Clinical legal education involves law students learning about the law through real or simulated cases. Often law students will provide legal advice or education to members of the public under the supervision of academics and solicitors.
The Open University established the Open Justice Centre in 2016 to provide students with the opportunity to enhance their skills and experiences to support them in the changing employment market. Students participate in voluntary projects to provide legal advice and education to organisations and members of the public. The Centre also undertakes pioneering cutting edge research to inform the curriculum and showcase technology enhanced experiential learning.
During the COVID-19 pandemic many universities moved their clinical legal education programmes online. As institutions start to review the impact of this, there has been an increased interest in how digital technologies can expand access to legal advice and clinical legal education going forward. The Open University as a distance learning provider has gained 6 years’ experience in providing online clinical legal education opportunities to students. We took the opportunity to share this with universities across the world at a clinical legal education conference in December 2022.
Ten members of the Law School attended the Conference on "Justice Education: Building Resilience and Strong Connections in Times of Global Challenges” which was held in Stellenbosch, South Africa.
The conference was organised in partnership between the Global Alliance for Justice Education (GAJE), the International Journal of Clinical Legal Education, the South African University Law Clinics Association and the Faculty of Law of the University of Stellenbosch. Participants attended online and in person to discuss the current global challenges (war, health crises, climate change and economic, social and political instabilities) and their impact on education and social justice. There were interesting discussions over three days about a variety of innovative approaches and research on educational methods which promote law students’ engagement, diversity and social justice.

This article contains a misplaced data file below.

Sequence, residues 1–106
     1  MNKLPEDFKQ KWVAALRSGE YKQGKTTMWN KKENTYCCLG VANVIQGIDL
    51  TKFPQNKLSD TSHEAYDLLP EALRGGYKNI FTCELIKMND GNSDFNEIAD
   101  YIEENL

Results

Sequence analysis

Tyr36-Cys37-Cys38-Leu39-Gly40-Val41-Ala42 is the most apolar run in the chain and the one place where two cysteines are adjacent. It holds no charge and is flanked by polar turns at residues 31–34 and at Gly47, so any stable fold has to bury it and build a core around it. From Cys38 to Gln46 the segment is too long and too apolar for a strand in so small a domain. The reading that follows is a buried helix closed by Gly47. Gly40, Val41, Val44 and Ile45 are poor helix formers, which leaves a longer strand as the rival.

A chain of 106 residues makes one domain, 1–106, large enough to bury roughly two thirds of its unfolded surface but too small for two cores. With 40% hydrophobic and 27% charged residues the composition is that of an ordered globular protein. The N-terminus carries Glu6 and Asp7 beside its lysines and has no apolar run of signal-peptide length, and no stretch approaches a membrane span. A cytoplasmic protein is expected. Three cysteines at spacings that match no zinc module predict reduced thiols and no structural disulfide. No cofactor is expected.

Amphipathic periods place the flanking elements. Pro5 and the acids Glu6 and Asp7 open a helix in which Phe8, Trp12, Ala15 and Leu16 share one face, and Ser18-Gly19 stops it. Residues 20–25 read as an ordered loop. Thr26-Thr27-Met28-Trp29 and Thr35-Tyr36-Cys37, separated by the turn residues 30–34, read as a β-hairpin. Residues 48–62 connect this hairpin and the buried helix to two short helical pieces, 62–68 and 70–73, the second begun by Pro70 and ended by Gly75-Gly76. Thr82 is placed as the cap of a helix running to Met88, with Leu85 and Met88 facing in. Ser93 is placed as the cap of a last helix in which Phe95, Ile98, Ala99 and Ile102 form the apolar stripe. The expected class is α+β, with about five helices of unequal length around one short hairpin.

Hugh McFaul, Head of Law School, received funding from the United Nations Office on Drugs and Crime to help deliver a regional workshop on integrity and ethics education at the University of Stellenbosch, attended by South African academics and legal professionals. He also attended the GAJE conference and led an interactive workshop with Andres Gascon-Cuenca, Professor of Law at the University of Valencia, on ‘Philosophical reflections about clinical legal education: How legal education can address societal challenges’. The workshop encouraged academics to use philosophical approaches to develop new insights and approaches to justice education. Hugh also led an interactive workshop on Justice Education and the Fight Against Corruption, based on his work consulting for the United Nations Office on Drugs and Crime on the GRACE (Global Resources for Anti-Corruption Education) initiative.